Oh my gosh! I’m so glad you weren’t really hurt. When and where do you write?
I have an office in my home, and it is also a place where I work on the jewelry that I make. The chaos between the writing side and the jewelry side of my long desk is in constant flux—an ebb and flow of beads and papers. I feel like I’m constantly pushing pages of my manuscripts aside to find beads, and pushing beads aside to find drafts of chapters.
What's the first sentence from High Strung?
“Great-Aunt Rita died two years ago on Miami’s hottest day of the year.” It’s a pretty serious first line for the book, given how fun and humorous the rest of the story is. But, it was a necessary way to start the book, because the death of Jax’s Aunt Rita was the catalyst that allowed Jax to leave her old life and live the one she wanted—a life full of creative passion.
What was the last thing you bought?
I bought an art glass pumpkin from the Bay Area Glass Institute’s annual Great Glass Pumpkin Patch. Each year I buy a blown glass pumpkin to support a terrific non-profit glass school here in the San Francisco area. The one I bought this year is a delicious lavender color with red crackles running up its sides. It’s always so fun to go and see the amazingly colorful pumpkins, and difficult to choose which one I want. I usually end up picking up five or six, and then finding a quiet spot so I can review my choices and pick the perfect one. On the first of October I set up my collection on the mantel, and don’t take them down until the Christmas decorations go up in December.
Sounds lovely. What would Jax say about you?
She’d say I have excellent taste in cats, friends, chocolate, cocktails, and men. She’d also say that I was a fun person, but that I should take more time off to enjoy life, spend less time in front of the computer, and spend a little more time in my studio making beads and creating jewelry.
Was there anything about High Strung which surprised you?
While writing High Strung I tried to let the characters run amuck from time to time just to see what would happen. At the risk of sounding like a crazy person (I probably am, a little), at times it felt like the characters were calling the shots, and I was just there to document what they were doing. There are definitely plot twists in High Strung, and in the upcoming A Bead in the Hand, when I was surprised that something happened the way it did because I let the characters play with each other in an unsupervised way.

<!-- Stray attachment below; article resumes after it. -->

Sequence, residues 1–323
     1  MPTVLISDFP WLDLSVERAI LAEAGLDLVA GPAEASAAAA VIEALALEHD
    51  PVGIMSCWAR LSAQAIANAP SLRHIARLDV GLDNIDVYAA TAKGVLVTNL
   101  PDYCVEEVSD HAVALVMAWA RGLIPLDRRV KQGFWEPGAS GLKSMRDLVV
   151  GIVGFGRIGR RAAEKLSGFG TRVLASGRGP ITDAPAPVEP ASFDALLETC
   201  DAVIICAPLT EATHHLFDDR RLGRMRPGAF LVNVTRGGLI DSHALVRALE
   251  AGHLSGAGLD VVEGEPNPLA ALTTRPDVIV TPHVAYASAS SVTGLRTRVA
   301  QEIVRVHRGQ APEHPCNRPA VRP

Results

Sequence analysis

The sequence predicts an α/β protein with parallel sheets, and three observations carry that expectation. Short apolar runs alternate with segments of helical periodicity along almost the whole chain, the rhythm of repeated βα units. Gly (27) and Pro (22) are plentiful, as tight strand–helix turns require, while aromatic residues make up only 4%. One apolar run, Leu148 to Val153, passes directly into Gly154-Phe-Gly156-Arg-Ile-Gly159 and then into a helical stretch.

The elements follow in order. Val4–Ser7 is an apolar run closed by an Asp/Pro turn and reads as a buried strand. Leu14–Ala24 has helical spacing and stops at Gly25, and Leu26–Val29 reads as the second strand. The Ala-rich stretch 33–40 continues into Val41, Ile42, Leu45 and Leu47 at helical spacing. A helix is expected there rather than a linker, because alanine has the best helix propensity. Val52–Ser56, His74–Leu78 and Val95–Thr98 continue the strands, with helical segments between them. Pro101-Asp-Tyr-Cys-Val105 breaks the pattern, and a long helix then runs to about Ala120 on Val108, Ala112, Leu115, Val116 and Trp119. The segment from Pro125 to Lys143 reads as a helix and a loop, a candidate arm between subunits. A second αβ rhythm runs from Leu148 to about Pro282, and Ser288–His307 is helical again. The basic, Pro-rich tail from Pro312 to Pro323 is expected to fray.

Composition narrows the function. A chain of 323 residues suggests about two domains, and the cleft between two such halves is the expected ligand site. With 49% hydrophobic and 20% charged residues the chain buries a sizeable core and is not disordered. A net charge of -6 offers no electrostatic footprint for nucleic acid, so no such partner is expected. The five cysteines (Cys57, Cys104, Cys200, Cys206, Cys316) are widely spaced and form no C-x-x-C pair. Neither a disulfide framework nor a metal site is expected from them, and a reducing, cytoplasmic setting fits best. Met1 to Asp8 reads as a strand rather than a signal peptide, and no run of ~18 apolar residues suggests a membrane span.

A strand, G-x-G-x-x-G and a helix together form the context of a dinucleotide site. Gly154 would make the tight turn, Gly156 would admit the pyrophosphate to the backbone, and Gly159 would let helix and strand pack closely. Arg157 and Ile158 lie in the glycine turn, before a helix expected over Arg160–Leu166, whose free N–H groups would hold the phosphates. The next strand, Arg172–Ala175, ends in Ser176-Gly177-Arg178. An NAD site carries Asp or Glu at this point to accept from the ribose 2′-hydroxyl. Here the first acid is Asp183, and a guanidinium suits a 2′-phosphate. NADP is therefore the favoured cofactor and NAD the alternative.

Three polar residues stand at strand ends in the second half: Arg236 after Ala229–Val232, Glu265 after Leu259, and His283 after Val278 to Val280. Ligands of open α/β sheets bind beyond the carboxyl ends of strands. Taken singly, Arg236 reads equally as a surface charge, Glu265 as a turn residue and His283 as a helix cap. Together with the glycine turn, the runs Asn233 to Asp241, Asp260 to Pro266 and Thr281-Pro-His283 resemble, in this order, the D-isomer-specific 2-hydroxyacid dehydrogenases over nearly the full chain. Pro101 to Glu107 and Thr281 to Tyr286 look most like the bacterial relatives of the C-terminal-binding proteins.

I don’t think you sound like a crazy person at. I personally tend to get so wrapped up in a story, I see the characters as real people. What does your ideal day look like?
An ideal day would be lying on the beach with a cabana boy coming by occasionally with a fresh mojito for me while I read a fun murder mystery. Oh, but maybe you mean a usual ideal day? An ideal day for me is to wake up at 7:30 and have coffee (which I admit I have trained my husband to bring to me in bed), play a half-dozen games of online Scrabble with friends, and take a walk. (I’m obsessed with my FitBit and try and walk 10,000 steps a day, but usually fail.) I have a non-fat latte sometime mid-morning to keep me going while I write. In the afternoon, I like to work in my glass studio. I have dinner at home with my husband and daughter. After dinner, I’ll often write or watch a movie. Other than movies, I don’t really watch TV, though I have recently been watching The Mysteries of Laura (because it’s a cozy mystery!) and have (unfortunately) gotten hooked on watching The Voice with my daughter.
Thank you so much for taking the time to answer some questions for me. I didn’t realize The Mysteries of Laura was considered a cozy mystery!!! You should definitely check out Hallmark’s Movies and Mysteries channel. Every month they have a new mystery and it’s a great way to spend time with the family and watch tv.
Thanks, Kim, for interviewing me!
You are more than welcome.
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Janice Peacock decided to write her first mystery novel after working in a glass studio full of colorful artists who didn’t always get along. They reminded her of the odd, and often humorous, characters in the murder mystery books she loved to read. Inspired by that experience, she combined her two passions and wrote High Strung: A Glass Bead Mystery, the first book in a new cozy mystery series featuring glass beadmaker Jax O’Connell.
When Janice isn’t writing about glass artists-turned-amateur-detectives, she makes glass beads using a torch, designs one-of-a-kind jewelry, and makes sculptures using hot glass. An award-winning artist, her work has been exhibited internationally and is in the permanent collections of the Corning Museum of Glass, the Glass Museum of Tacoma, WA, and in private collections worldwide.
Janice lives in the San Francisco Bay Area with her husband, daughter, three cats, and seven chickens. She has a studio full of beads...lots and lots of beads.
Places to find Janice Peacock: